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Super-Earths and hot Jupiters are nothing new, but just like so many other things floating around in the darkness, a scorching doppelganger of the ice giant Neptune was never thought to exist — until it did.
NASA’s TESS planet hunter hangs out up there because things like this tend to randomly show up in space. When it caught one particular object transiting the star LTT 9779, just 260 light-years away, no one actually expected it to be an entirely new species of exoplanet until astronomers took a closer look at the transit signal as observed the HARPS (High Accuracy Radial velocity Planet Searcher) instrument at ESO. HARPS was able to make out the planet’s mass and orbital characteristics, which indicated it was a massive version of Neptune. The weirdness only started there.
“This planet is very different from anything we have encountered before, since it orbits so close to its star, that it is sufficiently highly irradiated that it is very strange that it has any atmosphere at all,” astronomer James Jenkins, who led a study recently published in Nature Astronomy, told SYFY WIRE.
The massive orb now known as LTT 9779b is bizarre for many reasons. Neptune-type planets are so rare that there is an area called the Neptune Desert, where none were expected to be found at all until this one materialized. Not only did an exoplanet that no one knew of before show up in the last place it would have been ever expected to be found, but it is totally uncharacteristic of any planet that orbits as close to its star as it does. Its orbital period is less than four days, which Jenkins said are supposed to be either gas giants or super-Earths. It isn’t even supposed to have an atmosphere.
There is only one other known short-period Neptune, which was also discovered by Jenkins and his team earlier this year, but this one had been completely stripped of its atmosphere as a consequence of playing with fire by orbiting dangerously close to its star. So how can LTT977 b get away with venturing so near to a cosmic ball of fire hold on to enough atmosphere to make up around 10 percent of the planet’s total mass. This raises an enormous question mark about how a body like this could form and stay the way it is, but hardly the only question.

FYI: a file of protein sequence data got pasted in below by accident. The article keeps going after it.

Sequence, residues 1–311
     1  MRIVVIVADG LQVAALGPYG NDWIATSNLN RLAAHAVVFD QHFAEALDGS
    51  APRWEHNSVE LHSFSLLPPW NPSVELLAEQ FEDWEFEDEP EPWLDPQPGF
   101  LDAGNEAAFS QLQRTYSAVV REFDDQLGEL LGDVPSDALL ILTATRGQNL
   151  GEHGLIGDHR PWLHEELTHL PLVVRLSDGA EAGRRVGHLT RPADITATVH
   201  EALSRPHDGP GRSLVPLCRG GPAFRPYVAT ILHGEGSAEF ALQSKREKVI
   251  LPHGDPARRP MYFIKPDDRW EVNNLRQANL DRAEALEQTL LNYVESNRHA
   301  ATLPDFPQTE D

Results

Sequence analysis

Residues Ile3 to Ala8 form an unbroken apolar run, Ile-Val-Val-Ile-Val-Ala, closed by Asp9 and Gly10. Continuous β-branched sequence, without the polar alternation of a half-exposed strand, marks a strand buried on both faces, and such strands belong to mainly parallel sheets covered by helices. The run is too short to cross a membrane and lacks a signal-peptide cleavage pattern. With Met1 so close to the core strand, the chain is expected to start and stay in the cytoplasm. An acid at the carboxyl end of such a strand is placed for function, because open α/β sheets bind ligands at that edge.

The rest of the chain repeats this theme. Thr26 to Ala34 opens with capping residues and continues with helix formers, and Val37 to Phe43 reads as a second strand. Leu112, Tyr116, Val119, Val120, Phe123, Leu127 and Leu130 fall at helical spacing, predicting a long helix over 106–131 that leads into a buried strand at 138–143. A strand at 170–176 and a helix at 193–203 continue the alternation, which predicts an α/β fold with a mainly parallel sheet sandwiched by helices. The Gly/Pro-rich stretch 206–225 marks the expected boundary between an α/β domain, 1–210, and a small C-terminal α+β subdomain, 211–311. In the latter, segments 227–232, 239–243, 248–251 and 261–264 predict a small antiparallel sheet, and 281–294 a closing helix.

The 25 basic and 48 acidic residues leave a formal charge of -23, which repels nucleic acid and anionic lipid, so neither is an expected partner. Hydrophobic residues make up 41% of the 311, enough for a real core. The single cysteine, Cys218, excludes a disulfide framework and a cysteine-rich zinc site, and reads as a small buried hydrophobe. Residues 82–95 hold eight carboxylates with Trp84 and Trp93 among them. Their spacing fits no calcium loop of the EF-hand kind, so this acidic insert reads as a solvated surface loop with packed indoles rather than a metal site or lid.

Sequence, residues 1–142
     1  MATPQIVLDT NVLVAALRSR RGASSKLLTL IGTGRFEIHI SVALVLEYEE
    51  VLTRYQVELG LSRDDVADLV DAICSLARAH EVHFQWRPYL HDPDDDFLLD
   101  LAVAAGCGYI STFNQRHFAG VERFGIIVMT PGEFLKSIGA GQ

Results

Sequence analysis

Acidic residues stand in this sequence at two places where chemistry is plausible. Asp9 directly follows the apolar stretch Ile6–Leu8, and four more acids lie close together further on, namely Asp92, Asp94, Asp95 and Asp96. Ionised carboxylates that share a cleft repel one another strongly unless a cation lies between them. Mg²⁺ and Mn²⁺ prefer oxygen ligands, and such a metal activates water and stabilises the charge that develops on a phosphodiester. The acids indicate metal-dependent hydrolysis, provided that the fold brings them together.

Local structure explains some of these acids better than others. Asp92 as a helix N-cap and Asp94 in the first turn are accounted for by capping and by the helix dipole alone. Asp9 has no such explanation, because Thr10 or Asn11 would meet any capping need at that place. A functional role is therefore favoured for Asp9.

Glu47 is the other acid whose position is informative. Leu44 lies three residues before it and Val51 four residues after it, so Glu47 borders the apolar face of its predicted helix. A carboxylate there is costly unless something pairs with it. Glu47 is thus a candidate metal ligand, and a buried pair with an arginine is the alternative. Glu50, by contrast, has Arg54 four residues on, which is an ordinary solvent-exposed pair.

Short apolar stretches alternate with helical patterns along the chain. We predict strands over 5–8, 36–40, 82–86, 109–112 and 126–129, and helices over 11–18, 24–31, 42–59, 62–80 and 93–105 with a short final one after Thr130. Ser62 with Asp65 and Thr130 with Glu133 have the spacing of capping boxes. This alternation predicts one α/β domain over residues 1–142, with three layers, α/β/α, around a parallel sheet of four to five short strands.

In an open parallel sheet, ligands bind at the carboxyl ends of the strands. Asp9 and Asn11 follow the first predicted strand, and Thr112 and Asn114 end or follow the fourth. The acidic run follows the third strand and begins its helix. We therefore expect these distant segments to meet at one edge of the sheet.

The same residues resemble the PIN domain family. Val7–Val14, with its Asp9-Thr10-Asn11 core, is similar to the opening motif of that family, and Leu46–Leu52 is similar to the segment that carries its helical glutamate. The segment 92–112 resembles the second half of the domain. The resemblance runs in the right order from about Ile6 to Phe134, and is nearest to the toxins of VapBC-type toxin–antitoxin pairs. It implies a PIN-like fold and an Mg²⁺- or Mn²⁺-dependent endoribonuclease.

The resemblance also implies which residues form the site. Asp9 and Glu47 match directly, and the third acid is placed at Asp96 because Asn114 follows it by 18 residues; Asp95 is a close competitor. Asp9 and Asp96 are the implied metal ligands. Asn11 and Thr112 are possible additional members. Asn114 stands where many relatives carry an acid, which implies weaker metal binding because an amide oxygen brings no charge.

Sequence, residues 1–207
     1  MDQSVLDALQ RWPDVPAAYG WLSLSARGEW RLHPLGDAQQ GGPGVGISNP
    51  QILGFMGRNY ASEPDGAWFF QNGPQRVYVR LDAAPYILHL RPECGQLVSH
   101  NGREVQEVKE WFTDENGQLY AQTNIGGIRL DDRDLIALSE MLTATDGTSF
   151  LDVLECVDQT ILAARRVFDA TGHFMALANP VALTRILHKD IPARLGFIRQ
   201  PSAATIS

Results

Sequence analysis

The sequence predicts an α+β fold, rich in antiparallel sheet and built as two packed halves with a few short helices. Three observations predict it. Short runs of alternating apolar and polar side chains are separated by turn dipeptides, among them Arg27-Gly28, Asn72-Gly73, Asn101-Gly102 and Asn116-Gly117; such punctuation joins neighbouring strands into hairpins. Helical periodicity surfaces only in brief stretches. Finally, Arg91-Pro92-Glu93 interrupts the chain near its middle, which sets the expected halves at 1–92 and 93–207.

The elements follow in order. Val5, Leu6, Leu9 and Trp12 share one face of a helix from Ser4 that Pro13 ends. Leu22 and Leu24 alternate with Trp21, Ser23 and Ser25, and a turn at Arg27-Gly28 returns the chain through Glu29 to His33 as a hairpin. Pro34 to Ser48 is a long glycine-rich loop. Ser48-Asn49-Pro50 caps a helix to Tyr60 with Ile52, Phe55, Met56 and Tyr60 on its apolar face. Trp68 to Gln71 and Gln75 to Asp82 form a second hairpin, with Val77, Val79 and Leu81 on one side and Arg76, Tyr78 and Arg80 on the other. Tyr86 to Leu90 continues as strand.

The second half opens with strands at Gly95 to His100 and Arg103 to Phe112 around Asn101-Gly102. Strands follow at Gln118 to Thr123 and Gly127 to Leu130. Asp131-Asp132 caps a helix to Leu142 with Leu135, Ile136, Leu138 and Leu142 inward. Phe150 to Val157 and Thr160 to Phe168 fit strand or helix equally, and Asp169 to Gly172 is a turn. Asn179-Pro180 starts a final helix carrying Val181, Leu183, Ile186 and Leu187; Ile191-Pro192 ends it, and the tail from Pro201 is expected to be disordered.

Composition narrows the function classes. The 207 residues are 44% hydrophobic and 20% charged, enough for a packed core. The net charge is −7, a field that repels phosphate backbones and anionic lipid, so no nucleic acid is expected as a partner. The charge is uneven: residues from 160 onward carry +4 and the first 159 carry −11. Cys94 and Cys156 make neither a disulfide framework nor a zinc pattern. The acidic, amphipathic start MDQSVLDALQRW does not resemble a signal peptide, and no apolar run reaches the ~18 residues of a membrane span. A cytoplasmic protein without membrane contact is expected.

“We found this planet around a relatively bright star, meaning it allows us to study that atmosphere in detail from the ground and space, which means we should hear a lot more about this planet over the coming years,” said Jenkins. “It has a lot to teach us about these types of worlds, and Neptunes in general.”
How LTT 9779b ended up in the Neptune desert is still unknown, though Jenkins believes there are two likely ways. It might have reached its star system late in the system’s evolution, and ended up in an orbit so close to LTT 9779 when the star was past its first 100 million years of life and had significantly cooled down from that intense period, during which stars are more likely to devour planetary atmospheres. Most planets traverse the protoplanetary disc in which they formed within 10 million years. The discs in which they were born are usually dispersed by cosmic winds after that, but it is still possible that the hot Neptune made its way through the star system by elbowing and crashing into other planets.
Another way that LTT 9779b managed to keep some of its atmosphere could have been the result of the Roche Lobe Overflow (RLO) process. It might have been more enormous in the past, but pulled an Icarus and flew even close to the star than where it orbits now. The more powerful gravity of the star would have ravaged its atmosphere until much of it had vanished. However, if this is what happened, it would have ended with the planet refusing to give up and moving outward to prevent wasting angular momentum. Either way, radiation from the star is still putting it through photoevaporation. Its radiation is ionizing gas in the planet’s atmosphere which is then lost to space.
“In this scenario, the planet had to have been much larger in the past, something more like Jupiter, a gas giant, and there are lines of argument to support this,” Jenkins explained. “In the end, we need more observations and better models to explain the existence of this planet.”
So how long will this planet manage to keep its atmosphere? The reason there even is a Neptune desert is because planets like Neptune that orbit so close to their stars lose all or nearly all of their atmospheres until they end up as bare rocks. Somehow, LTT 9779b managed to escape this fate and will for a while until photoevaporation finally eats away the last of its atmosphere.
“It does seem likely that the fate of this planet is to lose its atmosphere,” said Jenkins. “The mass loss rates that we expect, would argue that the planet will lose its atmosphere through photoevaporation in less than a few billion years. So even without RLO occurring, we can expect LTT9779b to end up a bare rock at some point before the star dies.”
This is what you get for playing with fire.